The tithes in places extra-parochial, e.g.
In the domain of the Knights the gentry, parochial clergy and townsmen, who, beneath its protection, had attained to a high degree of wealth and civilization, for long remained without the slightest political influence, though they bore nearly the whole burden of taxation.
26 a to the life of his own time by his experiments in parochial organization.
Churches, as the outcome of the organization of the Catholic Church, are divided into classes as " cathedral," " conventual " and " collegiate," " parochial " and " district " churches.
He was educated in the public and parochial schools.
James parochial school and for several years was employed in the Fulton Fish Market.
The Municipal Elections (Corrupt and Illegal Practices) Act 1884 applied to school board elections subject to certain variations, and has been extended by the Local Government Act 1888 to county council elections, and by the Local Government Act 1894 to elections by parochial electors.
In England, for quite two centuries after its conversion, the clergy administered only pro tempore in the parochial churches, receiving their maintenance from the cathedral church, all the appointments within the diocese lying with the bishop. But in order to promote the building and endowment of parochial churches those who had contributed to their erection either by a grant of land, by building or by endowment, became entitled to present a clerk of their own choice to the bishop, who was invested with the revenues derived from such contribution.
Lastly, in regard to the object aimed at there was an important difference, for the professed object of the friars was to be clerical helpers of the parochial clergy in meeting the specifically religious needs of the time.
The pueblo was created after 1773; but the history of the settlement goes back to 1571, and the parochial church dates from 1710.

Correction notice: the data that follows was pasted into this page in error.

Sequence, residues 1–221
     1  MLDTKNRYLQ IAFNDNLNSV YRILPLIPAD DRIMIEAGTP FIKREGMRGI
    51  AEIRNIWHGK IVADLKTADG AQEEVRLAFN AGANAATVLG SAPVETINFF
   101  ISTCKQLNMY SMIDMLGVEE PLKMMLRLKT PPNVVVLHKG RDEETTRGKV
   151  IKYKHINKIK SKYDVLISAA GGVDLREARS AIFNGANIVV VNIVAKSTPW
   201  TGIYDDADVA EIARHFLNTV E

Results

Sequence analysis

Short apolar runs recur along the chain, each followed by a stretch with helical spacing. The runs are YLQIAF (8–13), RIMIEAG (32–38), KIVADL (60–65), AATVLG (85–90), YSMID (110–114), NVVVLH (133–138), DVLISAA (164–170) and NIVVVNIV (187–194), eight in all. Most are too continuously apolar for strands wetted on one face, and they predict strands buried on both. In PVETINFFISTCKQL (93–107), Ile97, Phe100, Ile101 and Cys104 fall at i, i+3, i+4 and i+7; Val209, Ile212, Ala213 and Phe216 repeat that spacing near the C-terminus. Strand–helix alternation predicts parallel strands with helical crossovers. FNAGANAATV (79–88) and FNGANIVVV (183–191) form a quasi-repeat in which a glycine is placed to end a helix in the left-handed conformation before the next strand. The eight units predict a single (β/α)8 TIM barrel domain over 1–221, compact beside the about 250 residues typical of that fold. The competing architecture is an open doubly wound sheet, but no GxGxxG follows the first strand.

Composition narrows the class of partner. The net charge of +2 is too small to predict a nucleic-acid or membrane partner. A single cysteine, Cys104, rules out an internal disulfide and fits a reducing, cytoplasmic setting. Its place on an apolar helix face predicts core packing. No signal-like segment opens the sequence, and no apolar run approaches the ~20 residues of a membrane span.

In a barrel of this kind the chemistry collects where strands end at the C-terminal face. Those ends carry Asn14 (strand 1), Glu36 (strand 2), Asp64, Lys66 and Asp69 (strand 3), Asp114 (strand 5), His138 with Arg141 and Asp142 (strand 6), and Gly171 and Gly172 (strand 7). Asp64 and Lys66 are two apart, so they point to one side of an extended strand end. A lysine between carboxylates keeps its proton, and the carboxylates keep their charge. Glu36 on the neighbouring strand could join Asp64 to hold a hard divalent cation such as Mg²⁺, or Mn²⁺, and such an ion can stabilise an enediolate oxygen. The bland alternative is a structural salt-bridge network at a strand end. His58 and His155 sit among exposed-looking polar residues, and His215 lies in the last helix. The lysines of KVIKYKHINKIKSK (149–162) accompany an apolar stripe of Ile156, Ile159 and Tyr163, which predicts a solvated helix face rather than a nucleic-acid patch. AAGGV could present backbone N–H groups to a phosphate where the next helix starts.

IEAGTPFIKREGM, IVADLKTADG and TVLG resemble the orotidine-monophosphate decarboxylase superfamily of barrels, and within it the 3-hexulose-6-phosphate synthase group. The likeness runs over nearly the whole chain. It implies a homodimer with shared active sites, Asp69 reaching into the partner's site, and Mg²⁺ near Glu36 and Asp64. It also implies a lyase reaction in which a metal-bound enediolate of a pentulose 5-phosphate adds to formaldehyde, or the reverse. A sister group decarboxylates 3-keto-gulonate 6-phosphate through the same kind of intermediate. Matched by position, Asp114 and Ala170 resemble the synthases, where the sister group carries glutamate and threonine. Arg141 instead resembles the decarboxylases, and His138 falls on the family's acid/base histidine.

In some cases a parish priest is also appointed to a chaplaincy, but in so far as he is a chaplain he has no parochial duties.
Towards the end of the period we note the beginnings of the triple division of medieval preaching into cloistral, parochial and missionary or popular preaching, a division based at first on audiences rather than on subject-matter, the general character of which - legends and popular stories rather than exposition of Scripture - was much the same everywhere.
He declared that twenty new churches, with parishes, should be erected in Glasgow, and he set to work to revivify, remodel and extend the old parochial economy of Scotland.
Pelotas was only a small settlement at the beginning of the 19th century and had no parochial organization until 1812.
Large sums have been voted in Holland for the establishment of primary and secondary schools, and the government has undertaken to assist in the establishment of parochial schools, the object being that every village, at least in Java, should possess one.
With these conditions, and with the diminution of the ascendancy of town over country that resulted from the Teutonic conquests, is connected the rise of the parochial system in the country.
But each parish elects its own council for parochial affairs, which has a legal status and deals with such matters as the ecclesiastical assessments.
It generally contained the tomb of the founder, and, as the officiator or mass-priest was often unconnected with the parochial clergy, had an entrance from the outside.
(I) During his enforced absence from Athens he had evidently acquired a far more extended idea of the future of Athens than had hitherto dawned on the somewhat parochial minds of her leaders.
When the news of this reached Paris, it created a strong feeling against the planters; and on the motion of the Abbe Gregoire it was resolved by the assembly on the 15th of May 1791 " that the people of colour resident in the French colonies, born of free parents, were entitled to, as of right, and should be allowed, the enjoyment of all the privileges of French citizens, and among others those of being eligible to seats both in the parochial and colonial assemblies."